Archive for June, 2011

Dropbox Encryption

With the recent security issues with DropBox you may be considering adopting an additional encryption strategy.

TrueCrypt a cross-platform encryption solution has been recommended by a few sites. It works by creating an encrypted disk file, which you can store in Dropbox. The one issue with this strategy is it is very hard to sync differences in the file. This means a few file changes could result in the re-syncing of your entire encrypted disk file, which really diminishes the value of Dropbox.

The solution I ultimately went with is BoxCryptor for Windows & EncFS for OSX. BoxCryptor is compatible with EncFS so data you use on one OS should be viewable on the others. The big advantage of BoxCryptor/EncFS over TrueCrypt is it uses a pass-thru filesystem. Instead of creating one big file that stores all of your data it encrypts each individual file (including its filename) separately. This is a big win when using syncing software such as Dropbox.

BoxCryptor is pretty straightforward to install and run on Windows so I won’t go into the installation details.

Installing EncFS on OSX requires a bit more work. Here are some basic instructions. Note, if you are going to share between Windows & OSX I recommend first creating your Secure directory with BoxCryptor, it’ll keep you from having to pass in special flags to encfs.

  1. Install the Mac Developer Tools (aka XCode)
    • If you have your Snow Leopard disk handy you can install the developer tools from there. I believe it is under the Extras directory.
    • If you are running the latest version of Snow Leopard and have the App Store installed, you can download and install XCode 4 from there, which will give you access to all of the needed tools.
  2. Download and install MacPorts
  3. To make sure macports is up to date, run sudo port –v selfupdate
  4. Then run sudo port install encfs
    • This should automatically resolve any dependencies
    • Note, this takes a long time to run, I recommend grabbing a cup of coffee after kicking it off
  5. Reboot your system
  6. Assuming your Encrypted file system is in ~/Dropbox/Secure run the following
    1. (optional) If you haven’t created your encfs yet run: mkdir ~/Dropbox/Secure
    2. mkdir ~/DropboxSecure
    3. encfs ~/Dropbox/Secure ~/DropboxSecure
      • It’ll ask you for the password
    4. You should now be able to see your files in the ~/DropboxSecure directory
  7. To unmount the encrypted drive run: umount ~/DropboxSecure

The overhead for the encryption is minimal. I was seeing about a 20ms increase in running the ls command on an identical directory. Now your files are secure even if your Dropbox account is compromised.

The Way of Testivus

Just recently I stumbled across and amusing viewpoint on testing. The Way of Testivus is an interesting slant on encouraging testing karma instead of testing dogma. It’s a fun and short read.

Unit Testing JavaScript

I’ve stumbled across a really cool unit testing framework for JavaScript that I wanted to share with everyone. It is called js-test-driver. Most JavaScript unit test frameworks need to be manually run, which requires a dev/qe to open a browser, start the tests, and verify the results. This doesn’t really scale or work for a CI environment. Js-test-driver aims to solve that problem.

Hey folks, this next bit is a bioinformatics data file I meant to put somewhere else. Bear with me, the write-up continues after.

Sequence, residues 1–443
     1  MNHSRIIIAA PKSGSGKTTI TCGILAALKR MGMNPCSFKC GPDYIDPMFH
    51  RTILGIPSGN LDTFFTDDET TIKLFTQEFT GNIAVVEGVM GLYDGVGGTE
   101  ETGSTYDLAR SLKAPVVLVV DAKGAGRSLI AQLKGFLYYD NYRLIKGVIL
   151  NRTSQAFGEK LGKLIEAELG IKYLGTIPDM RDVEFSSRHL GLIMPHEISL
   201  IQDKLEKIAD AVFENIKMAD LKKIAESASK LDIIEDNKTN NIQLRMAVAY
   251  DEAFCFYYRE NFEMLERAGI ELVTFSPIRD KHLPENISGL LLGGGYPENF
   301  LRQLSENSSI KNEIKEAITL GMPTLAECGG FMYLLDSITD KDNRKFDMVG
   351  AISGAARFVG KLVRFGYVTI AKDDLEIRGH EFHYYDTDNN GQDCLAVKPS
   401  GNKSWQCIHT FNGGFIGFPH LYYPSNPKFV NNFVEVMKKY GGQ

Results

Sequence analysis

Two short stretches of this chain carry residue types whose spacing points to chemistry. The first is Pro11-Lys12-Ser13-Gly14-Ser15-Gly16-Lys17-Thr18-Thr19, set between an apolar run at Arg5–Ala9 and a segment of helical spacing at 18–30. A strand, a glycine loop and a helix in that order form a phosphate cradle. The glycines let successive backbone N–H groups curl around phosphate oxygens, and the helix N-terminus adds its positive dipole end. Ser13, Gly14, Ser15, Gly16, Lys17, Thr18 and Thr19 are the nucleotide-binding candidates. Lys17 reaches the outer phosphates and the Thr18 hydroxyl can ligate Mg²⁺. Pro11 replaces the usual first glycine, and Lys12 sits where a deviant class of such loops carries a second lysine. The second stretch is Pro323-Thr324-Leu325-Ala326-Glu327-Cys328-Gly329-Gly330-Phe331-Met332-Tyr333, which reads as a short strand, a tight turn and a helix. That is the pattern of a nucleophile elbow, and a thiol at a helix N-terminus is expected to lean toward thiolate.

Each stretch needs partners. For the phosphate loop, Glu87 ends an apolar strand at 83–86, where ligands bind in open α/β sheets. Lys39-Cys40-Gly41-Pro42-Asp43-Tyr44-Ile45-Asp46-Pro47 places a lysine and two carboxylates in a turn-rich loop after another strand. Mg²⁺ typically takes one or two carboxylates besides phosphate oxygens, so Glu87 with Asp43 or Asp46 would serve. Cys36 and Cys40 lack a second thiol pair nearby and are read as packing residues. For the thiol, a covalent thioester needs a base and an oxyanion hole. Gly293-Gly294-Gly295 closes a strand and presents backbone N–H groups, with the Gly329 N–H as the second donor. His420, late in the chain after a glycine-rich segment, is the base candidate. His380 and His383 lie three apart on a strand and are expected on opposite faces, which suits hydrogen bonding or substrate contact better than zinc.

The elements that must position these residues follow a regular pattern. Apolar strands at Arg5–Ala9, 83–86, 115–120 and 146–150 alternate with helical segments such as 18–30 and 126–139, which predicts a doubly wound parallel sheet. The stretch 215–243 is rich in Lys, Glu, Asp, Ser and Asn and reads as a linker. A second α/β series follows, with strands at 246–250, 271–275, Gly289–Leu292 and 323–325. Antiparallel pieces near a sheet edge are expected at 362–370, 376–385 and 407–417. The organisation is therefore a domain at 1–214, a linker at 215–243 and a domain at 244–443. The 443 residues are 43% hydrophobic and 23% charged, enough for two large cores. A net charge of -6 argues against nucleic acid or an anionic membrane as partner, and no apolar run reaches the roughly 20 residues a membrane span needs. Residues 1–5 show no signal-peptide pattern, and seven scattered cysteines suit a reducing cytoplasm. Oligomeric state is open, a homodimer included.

The software itself is built with java and has a client and server side component. To start the server you just pass in a port and fire it up. Ex: java -jar JsTestDriver-1.3.2.jar –port 4224 It also has the option of passing in a list of browser executables, which the server will automatically start and setup to listen for unit tests. Additional browsers can be provisioned manually across a variety of devices by pointing to http://{the_servers_IP}:4224 in any browser window. Think Mobile. The client side is run by setting up a config file with some general information, including the server to connect to and the JavaScript files to load.

Example: jsTestDriver.conf

server: http://localhost:4224
  - bin/*.js
timeout: 90

The tests are then ran by calling the same jar file: java -jar JsTestDriver-1.3.2.jar –tests all

In my proof of concept, I was able to quickly get 8 browsers, (4 Windows browsers, 2 Mac browsers, iPad Safari, and iPhone Safari), up and running for testing against. The Unit Test itself was a very basic Hello World test. The command took more time initializing the jvm & connections than the actual unit tests, which only took 26ms to run across all of the browsers/devices.

Joshua@Quake ~/js-test-driver
$ java -jar JsTestDriver-1.3.2.jar --tests all
Total 8 tests (Passed: 8; Fails: 0; Errors: 0) (1.00 ms)
  Safari 533.21.1 Windows: Run 1 tests (Passed: 1; Fails: 0; Errors 0) (0.00 ms)
  Safari 6533.18.5 iPhone OS: Run 1 tests (Passed: 1; Fails: 0; Errors 0) (1.00 ms)
  Firefox 4.0.1 Windows: Run 1 tests (Passed: 1; Fails: 0; Errors 0) (1.00 ms)
  Firefox 4.0.1 Mac OS: Run 1 tests (Passed: 1; Fails: 0; Errors 0) (0.00 ms)
  Safari 6533.18.5 Mac OS: Run 1 tests (Passed: 1; Fails: 0; Errors 0) (1.00 ms)
  Chrome 12.0.742.100 Windows: Run 1 tests (Passed: 1; Fails: 0; Errors 0) (0.00 ms)
  Safari 533.21.1 Mac OS: Run 1 tests (Passed: 1; Fails: 0; Errors 0) (1.00 ms)
  Microsoft Internet Explorer 9.0 Windows: Run 1 tests (Passed: 1; Fails: 0; Errors 0) (0.00 ms)
Joshua@Quake ~/js-test-driver